Jun 22, 2020
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Two comedy legends passed away within the same week in May — Jerry Stiller and Fred Willard. Both of their contributions to comedy in all forms, from stage to television and film, are immeasurable and made them household names. 

Filmmaker and Wisconsin-native Steve Burrows had the pleasure of working with both Stiller and Willard on his film Chump Change — a Miramax showbusiness satire, most of which takes place in Wisconsin.

Essay: The Parish Hall

May 27, 2020
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Attending a funeral is never a comfortable experience. But it can be especially uncomfortable if you feel out of place.

Lake Effect contributor Jan Wilberg recently learned that attending a funeral is not about your own comfort but about bringing comfort to others. She recalls her experience attending a funeral on the Oneida reservation in her essay “The Parish Hall.”

Last fall, my friend's son passed away.

Essay: We Have Managed, So Far

May 14, 2020
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The coronavirus pandemic is in some ways an echo of our history. People have compared it to other health crises, like the 1918 Spanish flu epidemic. Others have compared concerns about an economic downturn to what happened during the Great Depression.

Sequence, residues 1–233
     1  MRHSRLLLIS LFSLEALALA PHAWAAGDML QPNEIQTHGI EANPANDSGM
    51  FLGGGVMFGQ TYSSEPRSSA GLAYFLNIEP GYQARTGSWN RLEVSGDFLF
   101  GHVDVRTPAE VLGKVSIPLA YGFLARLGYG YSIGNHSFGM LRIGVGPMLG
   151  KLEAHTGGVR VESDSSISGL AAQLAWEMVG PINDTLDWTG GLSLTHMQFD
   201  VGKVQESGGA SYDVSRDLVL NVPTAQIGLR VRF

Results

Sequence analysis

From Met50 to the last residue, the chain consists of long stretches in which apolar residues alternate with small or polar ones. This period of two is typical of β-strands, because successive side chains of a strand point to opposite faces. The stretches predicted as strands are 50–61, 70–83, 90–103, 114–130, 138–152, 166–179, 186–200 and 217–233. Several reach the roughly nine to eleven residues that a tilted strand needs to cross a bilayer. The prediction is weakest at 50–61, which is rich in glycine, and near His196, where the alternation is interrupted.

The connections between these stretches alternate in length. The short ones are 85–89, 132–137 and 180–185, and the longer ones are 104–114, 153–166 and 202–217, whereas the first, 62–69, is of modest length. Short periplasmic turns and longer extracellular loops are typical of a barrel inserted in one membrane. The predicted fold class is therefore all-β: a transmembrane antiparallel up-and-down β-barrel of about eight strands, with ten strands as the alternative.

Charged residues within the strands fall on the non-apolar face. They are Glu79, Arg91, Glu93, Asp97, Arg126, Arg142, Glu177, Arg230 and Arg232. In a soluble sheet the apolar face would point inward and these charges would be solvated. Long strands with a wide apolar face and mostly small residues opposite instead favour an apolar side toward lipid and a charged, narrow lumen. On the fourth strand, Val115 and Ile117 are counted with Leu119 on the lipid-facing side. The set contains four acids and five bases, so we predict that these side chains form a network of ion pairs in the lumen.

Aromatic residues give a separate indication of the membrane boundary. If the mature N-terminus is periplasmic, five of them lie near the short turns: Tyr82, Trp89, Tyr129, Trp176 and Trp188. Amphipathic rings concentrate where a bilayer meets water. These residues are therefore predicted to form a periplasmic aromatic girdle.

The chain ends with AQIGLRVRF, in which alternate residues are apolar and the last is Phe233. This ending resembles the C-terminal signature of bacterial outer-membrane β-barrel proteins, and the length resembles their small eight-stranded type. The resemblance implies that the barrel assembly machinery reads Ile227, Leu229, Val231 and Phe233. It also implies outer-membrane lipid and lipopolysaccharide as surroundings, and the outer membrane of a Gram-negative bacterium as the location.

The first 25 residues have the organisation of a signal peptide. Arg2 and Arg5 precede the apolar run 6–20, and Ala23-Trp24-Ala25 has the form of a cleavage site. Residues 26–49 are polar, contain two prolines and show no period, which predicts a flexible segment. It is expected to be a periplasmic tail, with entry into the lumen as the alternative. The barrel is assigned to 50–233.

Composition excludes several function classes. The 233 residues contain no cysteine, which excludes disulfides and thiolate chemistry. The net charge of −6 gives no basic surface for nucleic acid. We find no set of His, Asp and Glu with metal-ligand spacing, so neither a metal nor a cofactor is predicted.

For essayist Aleta Chossek, these parallels were born out in letters from her grandfather, a business owner who lived through the Depression:

“We have been having bad times here in America, but we have managed, so far."

“There are 12-13 million good laborers unemployed.”

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The coronavirus has transformed how hospitals are operating. Hospitals that once bustled with activity have been reduced to treating only the sickest among us, and many medical students who once roamed the hallways have been sent home out of concern for their health.